A few minutes later the Sheik left him and went out into the night. He traversed the short distance between the tents slowly, stopping to speak to a sentry, and then pausing outside his own tent to look up at the stars. The Persian hound that always slept across the entrance uncurled himself and got up, thrusting a wet nose into his hand. The Sheik fondled the huge creature absently, stroking the dog's shaggy head mechanically, hardly conscious of what he was doing. A great restlessness that was utterly foreign to his nature had taken possession of him. He had been aware of it growing within him for some time, becoming stronger daily, and now the coming of Raoul de Saint Hubert seemed to have put the crowning touch to a state of mind that he was unable to understand. He had never been given to thinking of himself, or criticising or analysing his passing whims and fancies. All his life he had taken what he wanted; nothing on which he had ever laid eyes of desire had been denied him. His wealth had brought him everything he had ever wished. His passionate temper had been characteristic even when he was a child, but these strange fits of unreasonable irritability were new, and he searched for a cause vainly. His keen eyes looked through the darkness towards the south. Was it the nearness of his hereditary enemy, who had presumed to come closer than he had ever done before to the border of the country that Ahmed Ben Hassan regarded as his own, that was causing this great unrest? He laughed contemptuously. Nothing would give him greater pleasure than coming into actual collision with the man whom he had been trained from boyhood to hate. As long as Ibraheim Omair remained within his own territory Ahmed Ben Hassan held his hand and kept in check his fierce followers, whose eyes were turned longingly towards the debatable land, but once let the robber Sheik step an inch over the border, and it was war, and war until one or both of the chiefs were dead. And if he died who had no son to succeed him; the huge tribe would split up in numerous little families for want of a leader to keep them together, and it would be left to the French Government to take over, if they could, the vast district that he had governed despotically. And at the thought he laughed again. No, it was not Ibraheim Omair who was troubling him. He pushed the hound aside and went into the tent. The divan where Diana had been sitting was strewn with magazines and papers, the imprint of her slender body still showed in the soft, heaped-up cushions, and a tiny, lace-edged handkerchief peeped out under one of them. He picked it up and looked at it curiously, and his forehead contracted slowly in the heavy black scowl. He turned his burning eyes toward the curtains that divided the rooms. Saint Hubert's words rang in his ears. "English!" he muttered with a terrible oath. "And I have made her suffer as I swore any of that damned race should if they fell into my hands. Merciful Allah! Why does it give me so little pleasure?"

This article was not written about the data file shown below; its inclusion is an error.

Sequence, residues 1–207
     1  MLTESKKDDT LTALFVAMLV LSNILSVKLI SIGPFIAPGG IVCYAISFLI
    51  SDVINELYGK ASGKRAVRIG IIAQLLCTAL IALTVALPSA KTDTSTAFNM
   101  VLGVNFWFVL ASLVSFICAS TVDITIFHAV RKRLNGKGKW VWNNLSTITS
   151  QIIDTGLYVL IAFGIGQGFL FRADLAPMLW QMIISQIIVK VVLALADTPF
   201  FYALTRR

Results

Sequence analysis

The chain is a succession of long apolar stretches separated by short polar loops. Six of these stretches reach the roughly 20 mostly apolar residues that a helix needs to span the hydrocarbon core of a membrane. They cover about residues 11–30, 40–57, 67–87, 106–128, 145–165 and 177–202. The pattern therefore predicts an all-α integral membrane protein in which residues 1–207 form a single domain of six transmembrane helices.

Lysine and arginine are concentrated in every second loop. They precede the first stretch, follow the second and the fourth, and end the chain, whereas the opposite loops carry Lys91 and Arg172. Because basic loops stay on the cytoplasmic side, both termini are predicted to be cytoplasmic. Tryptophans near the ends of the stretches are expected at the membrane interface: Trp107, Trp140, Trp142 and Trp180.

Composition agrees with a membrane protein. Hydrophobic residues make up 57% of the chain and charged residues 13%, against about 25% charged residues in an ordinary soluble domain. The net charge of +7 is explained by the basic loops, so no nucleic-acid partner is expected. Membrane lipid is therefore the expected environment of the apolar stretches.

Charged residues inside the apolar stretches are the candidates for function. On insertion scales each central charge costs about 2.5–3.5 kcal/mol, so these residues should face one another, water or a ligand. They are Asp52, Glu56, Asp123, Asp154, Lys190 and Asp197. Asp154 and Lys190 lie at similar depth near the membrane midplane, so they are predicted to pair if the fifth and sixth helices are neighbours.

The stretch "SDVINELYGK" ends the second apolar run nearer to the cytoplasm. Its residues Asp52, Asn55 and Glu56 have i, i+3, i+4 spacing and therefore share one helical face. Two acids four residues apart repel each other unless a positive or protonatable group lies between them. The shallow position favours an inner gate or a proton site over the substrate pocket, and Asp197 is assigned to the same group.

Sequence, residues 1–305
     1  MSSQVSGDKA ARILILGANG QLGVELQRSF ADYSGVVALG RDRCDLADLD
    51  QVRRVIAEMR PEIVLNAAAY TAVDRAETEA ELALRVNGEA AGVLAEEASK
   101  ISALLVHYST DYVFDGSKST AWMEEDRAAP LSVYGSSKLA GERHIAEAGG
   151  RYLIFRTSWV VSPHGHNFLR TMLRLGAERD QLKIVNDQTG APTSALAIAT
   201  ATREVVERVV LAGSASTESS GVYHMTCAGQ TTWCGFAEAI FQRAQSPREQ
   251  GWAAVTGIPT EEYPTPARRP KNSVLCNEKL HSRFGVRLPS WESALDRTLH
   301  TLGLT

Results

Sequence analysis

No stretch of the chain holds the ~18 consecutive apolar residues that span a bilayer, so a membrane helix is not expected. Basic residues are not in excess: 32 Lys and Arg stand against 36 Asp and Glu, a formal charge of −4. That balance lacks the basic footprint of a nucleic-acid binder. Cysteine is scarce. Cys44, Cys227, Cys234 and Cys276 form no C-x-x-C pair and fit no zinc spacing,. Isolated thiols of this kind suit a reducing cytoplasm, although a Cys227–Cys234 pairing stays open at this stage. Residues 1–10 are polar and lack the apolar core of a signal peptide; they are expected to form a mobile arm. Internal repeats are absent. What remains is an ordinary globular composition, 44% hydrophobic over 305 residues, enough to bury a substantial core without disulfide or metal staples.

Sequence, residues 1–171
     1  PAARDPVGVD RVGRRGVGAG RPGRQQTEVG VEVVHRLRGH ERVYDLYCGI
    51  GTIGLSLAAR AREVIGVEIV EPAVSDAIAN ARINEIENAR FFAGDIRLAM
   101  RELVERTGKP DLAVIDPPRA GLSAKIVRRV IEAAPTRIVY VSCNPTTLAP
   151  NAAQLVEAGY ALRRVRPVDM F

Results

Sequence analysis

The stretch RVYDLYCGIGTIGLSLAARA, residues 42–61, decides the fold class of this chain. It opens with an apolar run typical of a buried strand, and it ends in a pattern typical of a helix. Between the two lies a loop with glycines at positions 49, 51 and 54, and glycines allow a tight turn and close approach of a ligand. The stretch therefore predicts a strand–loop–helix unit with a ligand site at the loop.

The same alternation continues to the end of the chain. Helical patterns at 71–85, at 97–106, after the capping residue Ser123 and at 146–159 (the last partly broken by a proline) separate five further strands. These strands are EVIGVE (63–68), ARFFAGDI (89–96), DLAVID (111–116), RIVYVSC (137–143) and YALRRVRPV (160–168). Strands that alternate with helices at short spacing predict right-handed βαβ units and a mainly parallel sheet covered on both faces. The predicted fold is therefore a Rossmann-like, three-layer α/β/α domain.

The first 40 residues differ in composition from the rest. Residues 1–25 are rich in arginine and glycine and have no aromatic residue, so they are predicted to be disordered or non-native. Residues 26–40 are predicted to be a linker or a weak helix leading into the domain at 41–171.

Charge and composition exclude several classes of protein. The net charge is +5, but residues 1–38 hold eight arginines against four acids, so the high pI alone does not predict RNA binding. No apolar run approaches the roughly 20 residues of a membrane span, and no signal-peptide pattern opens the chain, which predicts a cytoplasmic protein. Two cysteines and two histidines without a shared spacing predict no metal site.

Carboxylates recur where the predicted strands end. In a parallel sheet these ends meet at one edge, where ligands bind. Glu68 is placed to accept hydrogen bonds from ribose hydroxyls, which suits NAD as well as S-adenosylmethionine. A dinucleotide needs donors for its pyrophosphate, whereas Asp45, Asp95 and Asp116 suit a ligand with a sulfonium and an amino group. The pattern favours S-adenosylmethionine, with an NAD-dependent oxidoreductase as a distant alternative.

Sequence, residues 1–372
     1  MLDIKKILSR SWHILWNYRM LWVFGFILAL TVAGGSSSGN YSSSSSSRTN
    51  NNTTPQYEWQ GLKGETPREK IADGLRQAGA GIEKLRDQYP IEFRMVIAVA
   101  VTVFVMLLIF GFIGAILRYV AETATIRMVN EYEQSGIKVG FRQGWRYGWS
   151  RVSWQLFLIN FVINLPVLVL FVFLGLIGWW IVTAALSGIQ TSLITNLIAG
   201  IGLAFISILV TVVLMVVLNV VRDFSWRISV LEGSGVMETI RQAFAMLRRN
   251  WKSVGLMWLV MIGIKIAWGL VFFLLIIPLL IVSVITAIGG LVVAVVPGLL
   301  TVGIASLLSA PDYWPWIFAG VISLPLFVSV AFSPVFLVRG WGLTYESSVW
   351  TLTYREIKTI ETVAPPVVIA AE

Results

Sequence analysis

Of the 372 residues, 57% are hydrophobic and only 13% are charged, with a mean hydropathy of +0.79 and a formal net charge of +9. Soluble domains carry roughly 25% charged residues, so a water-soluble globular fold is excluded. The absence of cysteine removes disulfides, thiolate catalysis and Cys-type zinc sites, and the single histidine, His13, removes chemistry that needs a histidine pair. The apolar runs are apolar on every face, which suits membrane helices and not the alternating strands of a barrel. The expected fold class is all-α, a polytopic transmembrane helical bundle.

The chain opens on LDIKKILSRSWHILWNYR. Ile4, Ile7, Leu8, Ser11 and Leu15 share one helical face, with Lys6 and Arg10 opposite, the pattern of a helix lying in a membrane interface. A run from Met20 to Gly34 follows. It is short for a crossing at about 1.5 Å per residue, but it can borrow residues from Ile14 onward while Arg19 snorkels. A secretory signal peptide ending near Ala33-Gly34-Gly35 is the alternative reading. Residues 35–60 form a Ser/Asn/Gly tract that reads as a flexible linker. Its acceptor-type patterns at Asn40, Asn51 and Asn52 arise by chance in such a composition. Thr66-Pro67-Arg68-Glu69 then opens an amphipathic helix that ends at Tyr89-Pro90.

Diana came into the living-room one morning about a week after the arrival of the Vicomte de Saint Hubert. She had expected to find the room empty, for the Sheik had risen at dawn and ridden away on one of the distant expeditions that had become so frequent, and she thought his friend had accompanied him, but as she parted the curtains between the two rooms she saw the Frenchman sitting at the little writing-table surrounded by papers and writing quickly, loose sheets of manuscript littering the floor around him. It was the first time that they had chanced to be alone, and she hesitated with a sudden shyness. But Saint Hubert had heard the rustle of the curtain, and he sprang to his feet with the courteous bow that proclaimed his nationality.

"Your pardon, Madame. Do I disturb you? Tell me if I am in the way. I am afraid I have been very untidy," he added, laughing apologetically, and looking at the heap of closely-written sheets strewing the rug.

Diana came forward slowly, a faint colour rising in her face. "I thought you had gone with Monseigneur."

"I had some work to do—some notes that I wanted to transcribe before I forgot myself what they meant; I write vilely. I have had a hard week, too, so I begged a day off. I may stay? You are sure I do not disturb you?"